I learned my first lessons in the importance of workplace communication when I had a job in the British Pound trading pit at the Chicago Mercantile Exchange. What makes the exchange special is that there are no pretenses: You don’t have to be an Ivy Leaguer or a genius trader to succeed. The people who do succeed are alert, quick, and well versed in the art of communication.
It is ironic that the most treasured office skill is most prevalent at the most un-officelike place. But the trading floor is a great classroom for people who work in a traditional office, especially those who remain stalled professionally because of a lack of communication skills.
Lesson 1: Learn the secret language.
Every office has a secret language. At the Merc, it’s hand signals. The trading pit — literally a pit — is filled with people waving and motioning because it’s so large and loud that people have to use hand signals to talk to each other. I had to take a class so that I could signal phrases like “Prudential Bache has a large order in the British pound pit that needs to be filled at 68.” The guy across the room might say, “Watch me for an order coming in,” and I’d have to keep a close eye on him all day because he’d only signal the order once before giving the business to someone else. The difference between “buy at 68” and “sell at 68” is the turn of a palm. At a standard office, the secret language may be that business is mostly conducted by e-mail or meetings, or that the boss likes to be presented with ideas in a certain fashion. If you don’t communicate in the way that people expect, no one will hear you.
Lesson 2: Build relationships during downtimes, and you will benefit during the fast times.
When the trading floor is slow, the traders and clerks stand around talking; the scene resembles a bar. If you are not funny, or insightful, or clever, or at least good at laughing at other peoples’ jokes, people will not like you. And if people don’t like you on the trading floor, it will cost you — just like at the office. When trading picks up and phone orders from brokers stream in, people will trade with you or they won’t. At the office, if you are disliked, you aren’t asked out to lunch, assigned good projects, or given help and support when you need it.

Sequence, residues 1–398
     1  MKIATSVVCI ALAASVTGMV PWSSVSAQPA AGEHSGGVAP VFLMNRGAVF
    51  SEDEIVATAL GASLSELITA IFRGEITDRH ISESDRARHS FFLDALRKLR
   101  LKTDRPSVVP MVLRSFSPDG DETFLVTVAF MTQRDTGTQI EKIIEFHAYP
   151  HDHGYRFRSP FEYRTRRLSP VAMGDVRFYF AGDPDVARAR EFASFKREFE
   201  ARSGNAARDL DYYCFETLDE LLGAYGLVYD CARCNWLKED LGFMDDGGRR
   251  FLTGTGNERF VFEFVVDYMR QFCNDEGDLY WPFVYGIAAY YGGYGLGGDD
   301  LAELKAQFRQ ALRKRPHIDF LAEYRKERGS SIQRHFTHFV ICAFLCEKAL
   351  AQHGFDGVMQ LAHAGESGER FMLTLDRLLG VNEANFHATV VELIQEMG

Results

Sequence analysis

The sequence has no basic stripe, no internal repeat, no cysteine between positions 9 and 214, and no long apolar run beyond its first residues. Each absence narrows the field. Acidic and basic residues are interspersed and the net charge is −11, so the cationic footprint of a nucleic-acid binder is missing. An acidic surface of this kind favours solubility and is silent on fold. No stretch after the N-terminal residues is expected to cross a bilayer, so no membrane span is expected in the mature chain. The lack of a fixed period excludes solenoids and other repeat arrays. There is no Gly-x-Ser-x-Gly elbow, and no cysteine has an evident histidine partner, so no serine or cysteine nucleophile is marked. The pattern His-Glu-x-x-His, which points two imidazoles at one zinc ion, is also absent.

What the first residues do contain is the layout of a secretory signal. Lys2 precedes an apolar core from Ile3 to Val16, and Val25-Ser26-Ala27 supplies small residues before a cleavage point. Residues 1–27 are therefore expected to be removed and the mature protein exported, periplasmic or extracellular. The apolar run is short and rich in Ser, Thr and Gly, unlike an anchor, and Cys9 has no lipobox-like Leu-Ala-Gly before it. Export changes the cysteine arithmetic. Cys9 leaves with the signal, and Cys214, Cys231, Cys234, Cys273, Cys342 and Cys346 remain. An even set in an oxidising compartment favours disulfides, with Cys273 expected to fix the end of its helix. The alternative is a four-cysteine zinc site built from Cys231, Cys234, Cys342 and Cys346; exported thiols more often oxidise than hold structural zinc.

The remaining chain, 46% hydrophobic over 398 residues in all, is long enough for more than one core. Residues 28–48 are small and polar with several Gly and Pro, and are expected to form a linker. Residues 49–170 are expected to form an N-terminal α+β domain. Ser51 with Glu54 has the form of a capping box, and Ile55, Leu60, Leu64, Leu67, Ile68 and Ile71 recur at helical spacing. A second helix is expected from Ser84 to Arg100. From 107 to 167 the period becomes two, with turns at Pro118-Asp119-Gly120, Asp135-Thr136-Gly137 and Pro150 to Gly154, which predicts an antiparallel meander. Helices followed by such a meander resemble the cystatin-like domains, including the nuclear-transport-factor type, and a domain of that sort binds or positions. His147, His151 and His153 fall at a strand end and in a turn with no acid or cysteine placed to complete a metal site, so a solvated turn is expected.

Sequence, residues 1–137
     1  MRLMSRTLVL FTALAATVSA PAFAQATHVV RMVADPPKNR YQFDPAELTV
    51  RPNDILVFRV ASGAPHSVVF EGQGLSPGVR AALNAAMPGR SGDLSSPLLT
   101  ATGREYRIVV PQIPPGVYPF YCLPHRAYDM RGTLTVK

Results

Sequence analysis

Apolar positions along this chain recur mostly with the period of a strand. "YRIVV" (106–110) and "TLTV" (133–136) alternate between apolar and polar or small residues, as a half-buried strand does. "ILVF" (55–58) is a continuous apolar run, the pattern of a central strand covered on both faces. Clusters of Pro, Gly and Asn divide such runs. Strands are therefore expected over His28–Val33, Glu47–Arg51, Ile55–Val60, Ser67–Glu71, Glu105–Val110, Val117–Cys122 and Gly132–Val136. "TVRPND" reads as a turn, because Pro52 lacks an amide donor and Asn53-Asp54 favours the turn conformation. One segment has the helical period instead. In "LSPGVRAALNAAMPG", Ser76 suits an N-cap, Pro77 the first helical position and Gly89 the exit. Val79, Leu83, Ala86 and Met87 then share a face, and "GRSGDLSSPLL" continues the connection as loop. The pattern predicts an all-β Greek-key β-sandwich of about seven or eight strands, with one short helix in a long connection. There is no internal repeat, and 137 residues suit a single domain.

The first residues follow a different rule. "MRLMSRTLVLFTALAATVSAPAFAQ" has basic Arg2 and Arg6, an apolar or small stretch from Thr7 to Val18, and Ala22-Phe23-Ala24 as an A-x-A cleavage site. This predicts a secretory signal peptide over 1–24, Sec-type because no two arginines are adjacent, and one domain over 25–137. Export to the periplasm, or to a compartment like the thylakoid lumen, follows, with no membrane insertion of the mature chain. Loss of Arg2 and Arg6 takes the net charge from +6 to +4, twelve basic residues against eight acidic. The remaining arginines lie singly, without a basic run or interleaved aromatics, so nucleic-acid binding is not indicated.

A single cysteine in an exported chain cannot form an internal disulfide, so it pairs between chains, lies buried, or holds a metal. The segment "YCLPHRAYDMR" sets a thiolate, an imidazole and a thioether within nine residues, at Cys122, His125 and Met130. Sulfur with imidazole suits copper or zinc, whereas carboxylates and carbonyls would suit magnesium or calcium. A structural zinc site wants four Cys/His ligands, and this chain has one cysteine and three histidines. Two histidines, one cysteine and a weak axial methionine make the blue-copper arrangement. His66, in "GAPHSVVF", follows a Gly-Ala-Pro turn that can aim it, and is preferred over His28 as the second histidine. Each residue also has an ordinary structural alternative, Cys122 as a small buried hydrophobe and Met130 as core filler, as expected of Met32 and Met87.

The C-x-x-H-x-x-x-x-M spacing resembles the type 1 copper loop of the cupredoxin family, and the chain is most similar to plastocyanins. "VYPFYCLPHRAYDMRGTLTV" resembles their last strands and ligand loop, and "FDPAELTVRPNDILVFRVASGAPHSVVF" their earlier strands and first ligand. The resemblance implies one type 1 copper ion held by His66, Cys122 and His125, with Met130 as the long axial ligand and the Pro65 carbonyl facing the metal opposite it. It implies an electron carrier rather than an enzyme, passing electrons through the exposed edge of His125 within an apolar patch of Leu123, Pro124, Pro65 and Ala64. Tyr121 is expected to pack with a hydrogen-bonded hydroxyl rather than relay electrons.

Lesson 3: The small communication cues are the most important.
In the office, this rule is subtle. For example, I had a boss who was great verbally, but whenever he got nervous he would bite his nails and, no matter what he was saying, all we heard was, “This place is headed for a train wreck.” People pick up on the most casual, seemingly trivial things.
The great thing about the trading floor is that you get immediate feedback when you botch a small cue. When trading is fast, prices move fast, and if you miss a price, you could be held responsible for getting that price anyway. In the language of hand signals, a trader can say, “I have 600 shares to sell at 70,” in less than two seconds. The trader will make that sale by simply catching someone’s eye and seeing that person nod. If either one of those people makes even the slightest mistake, they could lose thousands or millions of dollars.
It is not an exaggeration to say that poor communication skills are the number one problem that holds people back in the workplace. One manager I talked to at a Fortune 500 company said that most of her management time is spent coaching people on how to talk to each other so that teams work efficiently. “And people don’t even appreciate it,” she says. For everyone out there who has been coached by a boss, be grateful. Because on the trading floor, you’d otherwise be fired immediately.